Their name also comes from ancient Greek: “makaronia” was the meal served during funerals (even if originally it probably was a rice dish).


These small gnocchi are similar to Cavatelli, but their name, in Sardinian language, means “little calves”, because they resembles the back of a calf.


This pasta has an irregular shape. Indeed, they are the “carelessly (“mal”, apocope of the adverb “male”) cut (“tagliati”, past participle – masculine, plural – of the verb “tagliare”)”.


Does this kind of pasta resembles small ears? According to locals it does, because “orecchio” (masculine singular) means “ear” and -ette is the diminutive suffix (female plural – take it as it is: explaining this switch of gender requires a whole lesson of Latin!).


Large, short and smooth tubes whose name might be connected with latin “patulus”, meaning just “large”.


Another large kind of pasta, whose name should have a relationship with the word “pappa” (“mush” or “food for children”) and the verb “pappare” (popular for “to eat”).


Eggs, breadcrumbs and Parmesan cheese: these are the ingredients of a special pasta made by pressing the mixture through a machine, or a sort of colander. 
From the word “passato”, past participle of the the verb “passare”, meaning (among many other meanings) “letting something pass through something else”.


Short tubes with pointed edges that resemble pens made with feathers: “penna” (singular), indeed, means both pen and feather.


This speciality from Valtelline (Lombardy) is made with buckwheat flour, and has a name that means “sanctinomious, churchy”, but it’s probably not its right etymology. This name more likely come from “pizzicare” (to pinch), because Pizzoccheri have a flat shape, that can be obtained by squeezing dough with fingers.


They are a sort of large Spaghetti from Tuscany, and their name is a mystery. Maybe it is connected with the adjective “appiccicoso” (sticky), because they stick to one’s finger when one stretches them on the pastry board; maybe it is connected with the name of the village of San Felice in Picis, by Arezzo.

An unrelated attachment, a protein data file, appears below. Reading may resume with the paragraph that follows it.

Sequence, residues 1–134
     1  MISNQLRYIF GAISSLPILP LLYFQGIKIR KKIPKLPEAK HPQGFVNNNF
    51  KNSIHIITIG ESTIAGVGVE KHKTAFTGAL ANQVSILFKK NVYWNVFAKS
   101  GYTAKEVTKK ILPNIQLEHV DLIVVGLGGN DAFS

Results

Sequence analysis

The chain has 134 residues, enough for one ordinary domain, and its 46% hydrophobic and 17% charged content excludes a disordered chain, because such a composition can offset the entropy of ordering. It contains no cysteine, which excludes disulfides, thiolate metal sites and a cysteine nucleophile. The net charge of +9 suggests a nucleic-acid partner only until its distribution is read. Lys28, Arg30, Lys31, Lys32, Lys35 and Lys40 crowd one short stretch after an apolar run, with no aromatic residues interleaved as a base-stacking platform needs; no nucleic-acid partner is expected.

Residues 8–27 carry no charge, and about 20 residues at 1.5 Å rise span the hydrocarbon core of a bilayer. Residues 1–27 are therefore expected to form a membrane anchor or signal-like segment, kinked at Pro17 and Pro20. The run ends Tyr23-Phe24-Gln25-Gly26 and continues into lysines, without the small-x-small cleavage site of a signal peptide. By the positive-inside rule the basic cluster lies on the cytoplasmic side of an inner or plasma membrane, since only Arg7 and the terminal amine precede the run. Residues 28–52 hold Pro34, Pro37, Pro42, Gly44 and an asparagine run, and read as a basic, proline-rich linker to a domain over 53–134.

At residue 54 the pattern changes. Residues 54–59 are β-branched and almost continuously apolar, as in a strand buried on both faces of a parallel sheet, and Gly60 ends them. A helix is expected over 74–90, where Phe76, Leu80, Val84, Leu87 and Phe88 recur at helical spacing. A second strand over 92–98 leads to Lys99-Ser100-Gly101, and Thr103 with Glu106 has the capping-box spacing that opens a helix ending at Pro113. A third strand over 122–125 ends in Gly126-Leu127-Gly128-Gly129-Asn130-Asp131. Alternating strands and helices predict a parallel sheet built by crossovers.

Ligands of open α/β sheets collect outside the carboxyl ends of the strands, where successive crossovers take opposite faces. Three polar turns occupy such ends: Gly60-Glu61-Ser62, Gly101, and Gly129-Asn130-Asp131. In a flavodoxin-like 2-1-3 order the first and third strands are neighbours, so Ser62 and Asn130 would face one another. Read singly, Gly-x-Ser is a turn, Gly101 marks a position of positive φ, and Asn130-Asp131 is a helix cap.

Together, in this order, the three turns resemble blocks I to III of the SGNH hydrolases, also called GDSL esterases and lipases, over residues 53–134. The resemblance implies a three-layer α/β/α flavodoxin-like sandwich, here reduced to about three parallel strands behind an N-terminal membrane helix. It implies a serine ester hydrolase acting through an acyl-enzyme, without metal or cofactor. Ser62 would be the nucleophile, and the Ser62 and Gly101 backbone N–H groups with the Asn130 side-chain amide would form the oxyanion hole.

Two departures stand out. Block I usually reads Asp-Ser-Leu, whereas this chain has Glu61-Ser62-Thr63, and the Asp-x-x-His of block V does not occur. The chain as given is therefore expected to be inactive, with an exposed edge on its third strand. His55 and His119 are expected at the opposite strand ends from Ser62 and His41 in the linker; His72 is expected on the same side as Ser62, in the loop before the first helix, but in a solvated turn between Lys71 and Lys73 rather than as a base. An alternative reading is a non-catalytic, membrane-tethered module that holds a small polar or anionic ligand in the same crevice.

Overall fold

They are a kind of large Maccheroni, with stripes on their surface. Therefore, they are “the large (suffix -oni, masculine, plural) striped (rigato) ones”.


No explanation needed for the most famous kind of pasta that looks like many little twines (“spago”, plural “spaghi”, plus diminutive suffix -etti ).


These small gnocchi are common in Trentino-Alto Adige and in some other areas of northern Italy, but they come from Austria. Their name has a German origin and means “little birds”.


They are a sort of Tagliolini (see below) from Marche and Umbria, but they don’t contain eggs.
Their name likely is a modification of the noun “stringa” (string), because of their shape, even if they are also known as Strangozzi or Strongozzi.


From the verb “strozzare” (to strangle) and the noun “prete” (priest). The structure of this verb-noun compound tells this is something used “to strangle priests”. Indeed, they sometimes are also called “strangolapreti”, with the same meaning (verb here is “strangolare”). Their shape is similar to the one of Garganelli. 
Why priests only should be strangled is a mystery.


They are long, pretty thick (but not thicker than one millimeter, 0.04 In) and have a rectangular section, because they can be 2 or 3 millimeters large. They contain eggs, while their name contains the root of the verb “tagliare”, to cut.


This is another name of Taglierini, and the root is the same.
This kind of pasta is common more or less all over Italy, with slight differences.


The name comes from the verb “tagliare” (to cut) again, but this time the section is a little larger: surface can be up to 5mm large. Basically, this is another name for Fettuccine (see above).


They are an unusual and delicious pasta typical of Lunigiana – an area shared between eastern Ligury and northern Tuscany – made by boiling roughly cut pieces of a sort of flat bread, that was first cooked in a special pan. This pan is called “testo”, so “Testaroli” are the pieces of pasta come out from a “testo”.


Last member of the “Ligurian trilogy” of long kinds of pasta, together with Bavette and Linguine (see above), Trenette have a rectangular section, like Bavette, but are usually thicker, larger and shorter. Their name probably comes from Genoese dialect, in which “trena” means “little string”. Diminutive suffix -ette (feminine plural) belongs both to standard Italian and to Genoese dialect.


Again, a kind of pasta from Ligury, short and similar to a flattened small gnocco.
The meaning and the etymology of this name are unknown, even if some say it comes from ancient Greek “trophé”, “nourishment”. Genoese dialect actually has some terms coming from ancient Greek, but experts are not sure on this one.


“Little worms”, that’s the meaning of the name of this kind of pasta, from the noun “verme” (worm) and diminutive suffix -elli (masculine, plural). Word “vermicelli” comes from Latin “vermiculi”.


This sort of Maccheroni was traditionally served during wedding parties, that’s why they are called with a name that means, in Apulian dialect, “the engaged ones”.
The word “zitella” (little fiancée, in a cruel, ironic sense) has the same etymology. A zitella is a spinster, that basically is someone always ready to be married, but still unmarried.